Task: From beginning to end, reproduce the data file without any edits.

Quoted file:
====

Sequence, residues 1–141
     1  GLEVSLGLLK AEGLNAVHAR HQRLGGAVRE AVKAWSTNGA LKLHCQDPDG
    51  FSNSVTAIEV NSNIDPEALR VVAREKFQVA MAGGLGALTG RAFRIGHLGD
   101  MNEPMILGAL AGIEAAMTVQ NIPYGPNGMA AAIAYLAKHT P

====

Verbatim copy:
Sequence, residues 1–141
     1  GLEVSLGLLK AEGLNAVHAR HQRLGGAVRE AVKAWSTNGA LKLHCQDPDG
    51  FSNSVTAIEV NSNIDPEALR VVAREKFQVA MAGGLGALTG RAFRIGHLGD
   101  MNEPMILGAL AGIEAAMTVQ NIPYGPNGMA AAIAYLAKHT P